Britt: Oh, that. Well, the thing is, ABC Package is the only place in Athens that will take a check for cash. I go there to get spending money.

Rocky: You don’t go there for beer or liquor or anything.

Britt: Nope.

Rocky: I see.

————

Rocky: Hey, Dustin, tell me about these checks to ABC Package. Did you think I wouldn’t notice?

Dustin: Dad, it isn’t what you think. ABC Package is the only place in town that will take a check for cash. That’s why I write checks there.

Rocky: So… you write checks to a liquor store, but not for alcohol.

Dustin: Correct.

Rocky: I see.

————

All of which reminds me of the classic question, “You expect me to believe that? What do you take me for?”

The correct response being, “Everything I can get.”

abc-2

 

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At some point back in the 1990s, I came into possession of this pocket-size, soft-cover booklet:

Invoke-1

It’s tiny, the size of an index card, and 70 pages long. It presents the full text of our two key founding documents, and, except for a stirring patriotic preface, contains no embellishments or editorializing. At the end is a blurb about the Cato Institute, which published the booklet and was selling copies for $1.00.

Ordinarily, I wouldn’t go anywhere near a publication from the Cato Institute, which is a conservative/libertarian “think tank” founded in the 1970s by cuckoo wingnut Charles Koch.

That villainous source notwithstanding, the booklet seemed like a handy reference tool — assuming the Cato Institute wasn’t loony enough to tamper with the wording of the documents.

I decided to trust them. Publishing that booklet is probably the most positive thing the Cato Institute has ever done.

Anyway, I kept the booklet around the house and referred to it surprisingly often. (Hmmm, the amendment that abolished slavery — was it the 15th? No, that was Prohibition, wasn’t it?)

Fast-forward to 2014.

My granddaughter Maddie, then age nine and in the 4th grade, mentioned one day that her class soon would be studying the Constitution, including all the amendments thereto.

Being the considerate grandfather I am, I gave her my little booklet from the Cato Institute. Maddie was very pleased. I heard no more about the booklet and forgot all about it.

Fast-forward to this summer. Maddie is now 11.

Early one morning recently, I arrived at her house for babysitting duty. As my son Dustin was preparing to leave for work, he chuckled and said, “You won’t believe what Maddie did yesterday.”

Now, Maddie, as I’ve mentioned before, is a special kid. She is super smart — to the degree that it’s kinda scary.

This is a child who, at age eight, looked up the email address of her state representative and contacted him, on her own, with a philosophical question about jurisprudence.

Based on past experience, I knew Dustin was about to tell a pretty good story.

Dustin said he and Maddie and her sister Sarah were driving somewhere, and he had occasion to bark at them for something — being noisy or boisterous or whatever. When they didn’t settle down, he wondered in a faux-stern voice if tasing Maddie might be a way to bring the situation under control.

Dustin is in law enforcement. He has access to Tasers and other such tools of the trade.

“You couldn’t tase me,” Maddie told him. “That would be a violation of my 8th Amendment rights.”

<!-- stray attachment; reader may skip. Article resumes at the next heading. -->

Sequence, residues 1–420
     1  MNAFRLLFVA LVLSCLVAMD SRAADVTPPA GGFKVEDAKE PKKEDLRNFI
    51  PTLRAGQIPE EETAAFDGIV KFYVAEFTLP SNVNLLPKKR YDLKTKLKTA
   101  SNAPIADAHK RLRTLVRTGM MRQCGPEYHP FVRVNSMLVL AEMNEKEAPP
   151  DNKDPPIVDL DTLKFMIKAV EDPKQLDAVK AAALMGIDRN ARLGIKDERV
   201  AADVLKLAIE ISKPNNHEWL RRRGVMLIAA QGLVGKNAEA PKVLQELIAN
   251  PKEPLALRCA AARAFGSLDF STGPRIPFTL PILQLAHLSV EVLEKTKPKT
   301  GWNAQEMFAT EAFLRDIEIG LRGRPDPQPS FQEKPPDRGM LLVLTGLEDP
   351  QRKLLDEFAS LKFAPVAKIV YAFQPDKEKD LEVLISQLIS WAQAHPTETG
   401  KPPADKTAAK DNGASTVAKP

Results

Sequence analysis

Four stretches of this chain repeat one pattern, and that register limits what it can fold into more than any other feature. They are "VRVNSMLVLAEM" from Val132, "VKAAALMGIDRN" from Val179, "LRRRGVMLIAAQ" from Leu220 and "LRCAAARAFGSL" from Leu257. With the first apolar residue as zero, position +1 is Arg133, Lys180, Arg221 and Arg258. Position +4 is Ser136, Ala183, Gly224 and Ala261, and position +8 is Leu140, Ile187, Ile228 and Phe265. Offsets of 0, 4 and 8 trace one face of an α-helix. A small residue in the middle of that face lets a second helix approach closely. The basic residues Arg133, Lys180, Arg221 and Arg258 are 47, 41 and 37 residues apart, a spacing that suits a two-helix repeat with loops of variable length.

Dustin was, he said, rendered speechless.

He said he is plenty familiar with the amendments relating to police work — the 1st, the 2nd, the 4th, etc. — but he drew a blank on the 8th. He was obliged to ask Maddie to explain.

“The 8th Amendment protects me from cruel and unusual punishment,” she replied.

After that, a spirited discussion ensued between them as Dustin tried to remember which of the 27 amendments did what. Maddie patiently (and probably a bit smugly) corrected him and schooled him on the highlights of the key amendments.

Shortly after Dustin left for work, Maddie came down for breakfast. I asked her about the incident. She smiled knowingly and related essentially the same story as Dustin.

The school year ended weeks ago, so I asked when she had last studied the Constitution in class. Back in early spring, she said.

“But,” she added, “I’ve got that little booklet you gave me. It helps me keep all the amendments straight.”

Ah, the little book. It all came back to me.

Setting aside her breakfast, Maddie went upstairs, retrieved the booklet from her bedroom, and brought it to me. The little thing looked so familiar, if a bit more battered and thumb-worn than when I had it.

There was a time, I told her, when I had a pretty good grasp of the Constitution, but that was a long time ago. “How do you retain all that detail?” I asked her.

She just shrugged and went back to her cereal.

——————

If your memory needs refreshing about the U.S. Constitution and 200 years worth of amendments, I suggest this website, which presents the complete text with helpful explanatory notes.

Maddie could explain it herself, but the website will save time.

Invoke-2

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A month or so ago, I pulled up behind a large black SUV at a traffic light. The stick figure family, I observed, reached halfway across the back window.

According to the stickers, the family consisted of Mom, Dad, two girls, two boys, a dog, a cat, and a turtle.

The vehicle was seriously dirty. It was covered in a uniform, yellowy-orangish layer that was a mixture of (1) Georgia red clay, which, when dry, is as fine as baby powder and adheres nicely to waxed metal, and (2) pine pollen, which was afflicting us at the time.

Written in the thick coating on the back window, clearly by different fingers, were four names: Kaylan, Shiloh, Holder, and Pruitt.

Fine names all, but more to the point, they reminded me of how American baby names have evolved over the years.

For example, consider the names a few generations ago of my Dad and his siblings. They were Walter Anthony, James Allan, John Daniel, and Martha Elizabeth.

Dad’s kids: Walter Allan, Frank Lee, Thomas Daniel, and Helen Elizabeth.